The Brazilian city of Curitiba has been reaffirmed as a venue for the upcoming 2014 World Cup.
FIFA's media department confirmed the news via its official Twitter account on Tuesday:
As FIFA points out, officials will be scrambling to prepare the venue in time for this summer's month-long tournament, set to begin June 12.
According to Sky News, FIFA had been contemplating potentially shutting down construction on the Curitiba venue—estimated to be roughly 90 percent complete—in order to avoid unnecessary disruption for players and fans. The venue is scheduled to host four matches this summer.
FIFA Secretary General Jerome Valcke was critical of the building process heading into Tuesday's decision, per Sky News:
"We cannot organise a match without a stadium, this has reached a critical point. Not only is it very behind in its construction, but it has failed to meet any of the deadlines set by FIFA."
While many, including Valcke are concerned with the current state of the venue, others such as England manager Roy Hodgson aren't sweating the stadium dilemma, per Sky News:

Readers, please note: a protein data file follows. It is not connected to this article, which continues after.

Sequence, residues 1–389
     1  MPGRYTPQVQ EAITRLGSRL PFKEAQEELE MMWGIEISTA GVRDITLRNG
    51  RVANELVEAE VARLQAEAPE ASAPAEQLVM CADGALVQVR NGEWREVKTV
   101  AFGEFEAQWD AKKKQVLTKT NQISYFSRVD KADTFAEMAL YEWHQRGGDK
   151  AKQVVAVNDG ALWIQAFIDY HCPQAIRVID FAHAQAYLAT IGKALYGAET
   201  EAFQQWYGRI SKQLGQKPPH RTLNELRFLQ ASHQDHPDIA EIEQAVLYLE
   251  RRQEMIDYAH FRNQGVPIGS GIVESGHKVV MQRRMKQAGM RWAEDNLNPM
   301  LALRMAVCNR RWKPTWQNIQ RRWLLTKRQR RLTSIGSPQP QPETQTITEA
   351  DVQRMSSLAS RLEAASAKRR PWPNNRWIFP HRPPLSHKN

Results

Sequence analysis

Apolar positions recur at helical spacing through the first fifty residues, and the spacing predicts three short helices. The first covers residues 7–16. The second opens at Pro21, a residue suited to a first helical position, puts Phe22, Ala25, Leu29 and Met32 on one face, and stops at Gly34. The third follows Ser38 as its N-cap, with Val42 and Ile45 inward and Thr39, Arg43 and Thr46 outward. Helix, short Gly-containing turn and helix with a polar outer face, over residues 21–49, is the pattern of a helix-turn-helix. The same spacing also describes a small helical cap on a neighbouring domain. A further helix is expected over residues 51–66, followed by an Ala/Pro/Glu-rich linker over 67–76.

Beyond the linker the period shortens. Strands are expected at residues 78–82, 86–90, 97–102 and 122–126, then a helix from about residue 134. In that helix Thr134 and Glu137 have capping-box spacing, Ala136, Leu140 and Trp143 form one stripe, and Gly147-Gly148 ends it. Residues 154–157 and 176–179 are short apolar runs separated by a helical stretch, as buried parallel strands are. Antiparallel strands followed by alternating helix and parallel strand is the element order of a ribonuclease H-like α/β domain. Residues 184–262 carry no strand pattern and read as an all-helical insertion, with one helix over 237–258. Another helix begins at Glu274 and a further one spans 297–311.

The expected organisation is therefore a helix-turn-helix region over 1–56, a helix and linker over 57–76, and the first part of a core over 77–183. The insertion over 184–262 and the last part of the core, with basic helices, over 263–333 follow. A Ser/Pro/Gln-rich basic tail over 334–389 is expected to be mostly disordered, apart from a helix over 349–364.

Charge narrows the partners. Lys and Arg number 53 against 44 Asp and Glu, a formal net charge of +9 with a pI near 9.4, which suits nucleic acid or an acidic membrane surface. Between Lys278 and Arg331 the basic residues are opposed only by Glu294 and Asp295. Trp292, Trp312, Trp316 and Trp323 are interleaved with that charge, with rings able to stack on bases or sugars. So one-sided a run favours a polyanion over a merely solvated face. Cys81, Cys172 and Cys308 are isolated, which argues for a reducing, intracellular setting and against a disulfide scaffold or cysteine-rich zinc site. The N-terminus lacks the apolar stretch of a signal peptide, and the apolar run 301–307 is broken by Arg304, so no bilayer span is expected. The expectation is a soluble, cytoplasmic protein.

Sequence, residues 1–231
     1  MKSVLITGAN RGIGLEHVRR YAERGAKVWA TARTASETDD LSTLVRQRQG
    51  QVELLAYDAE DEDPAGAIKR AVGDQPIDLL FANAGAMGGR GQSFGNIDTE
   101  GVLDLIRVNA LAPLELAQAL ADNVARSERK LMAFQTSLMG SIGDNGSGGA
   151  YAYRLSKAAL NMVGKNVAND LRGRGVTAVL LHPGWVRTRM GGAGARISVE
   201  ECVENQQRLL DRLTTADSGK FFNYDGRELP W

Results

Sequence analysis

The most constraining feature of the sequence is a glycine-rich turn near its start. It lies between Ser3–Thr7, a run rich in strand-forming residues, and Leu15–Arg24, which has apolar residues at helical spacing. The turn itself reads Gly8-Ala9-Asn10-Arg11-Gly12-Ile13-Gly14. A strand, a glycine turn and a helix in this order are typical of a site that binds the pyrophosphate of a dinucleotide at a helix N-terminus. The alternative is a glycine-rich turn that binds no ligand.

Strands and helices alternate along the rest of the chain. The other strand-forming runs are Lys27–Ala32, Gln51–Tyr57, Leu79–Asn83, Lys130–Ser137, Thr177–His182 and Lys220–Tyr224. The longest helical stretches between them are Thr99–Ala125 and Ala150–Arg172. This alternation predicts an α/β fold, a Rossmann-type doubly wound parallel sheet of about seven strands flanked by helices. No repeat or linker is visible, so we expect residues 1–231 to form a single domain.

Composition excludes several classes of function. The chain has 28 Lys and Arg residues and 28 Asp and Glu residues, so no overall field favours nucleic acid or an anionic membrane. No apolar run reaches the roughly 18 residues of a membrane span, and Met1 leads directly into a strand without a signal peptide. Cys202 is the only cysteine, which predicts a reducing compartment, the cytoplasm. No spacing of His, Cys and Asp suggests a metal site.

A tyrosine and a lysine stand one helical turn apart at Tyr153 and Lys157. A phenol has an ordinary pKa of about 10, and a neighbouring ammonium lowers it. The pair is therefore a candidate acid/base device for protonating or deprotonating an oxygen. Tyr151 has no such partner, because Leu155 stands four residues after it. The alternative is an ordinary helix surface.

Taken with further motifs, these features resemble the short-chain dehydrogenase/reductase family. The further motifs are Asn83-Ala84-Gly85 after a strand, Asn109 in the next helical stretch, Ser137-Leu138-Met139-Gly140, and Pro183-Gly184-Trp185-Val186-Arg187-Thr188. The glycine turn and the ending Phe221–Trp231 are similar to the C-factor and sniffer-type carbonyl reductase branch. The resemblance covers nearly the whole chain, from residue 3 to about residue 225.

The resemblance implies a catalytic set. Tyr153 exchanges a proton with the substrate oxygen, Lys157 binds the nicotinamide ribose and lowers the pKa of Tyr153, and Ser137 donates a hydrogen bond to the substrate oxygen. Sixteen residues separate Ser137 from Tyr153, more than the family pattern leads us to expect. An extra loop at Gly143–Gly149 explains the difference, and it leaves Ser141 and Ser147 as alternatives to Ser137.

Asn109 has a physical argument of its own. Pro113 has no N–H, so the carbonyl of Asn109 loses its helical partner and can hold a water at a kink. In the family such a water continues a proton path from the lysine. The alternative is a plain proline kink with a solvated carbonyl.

If you were forced into a last minute change I'm pretty sure it wouldn't cause any major disruptions. But I still rather hope that Curitiba, like all the other stadiums, will be ready on time and there won't be any need for that (to move matches). If I was in that situation where it was being threatened I think I'd be working on the basis of 'I'll cross that bridge when I come to it.'
However, England aren't one of the eight teams scheduled to play in Curitiba during the group stage this summer. Among those teams who could face potential disruption are Russia and reigning World Cup champions Spain.
Although FIFA's concerns suggest there's a decent chance that the venue won't be complete in time for its first match on June 16, with close to four months remaining before the collective eyes of the world shift to Brazil, there's also a strong possibility the brand-new stadium will be ready to go.
For now, it remains to be seen how FIFA's decision will impact the 2014 World Cup. But with only four total matches scheduled in Curitiba, it appears unlikely that a failed build would be enough to derail the global spectacle.
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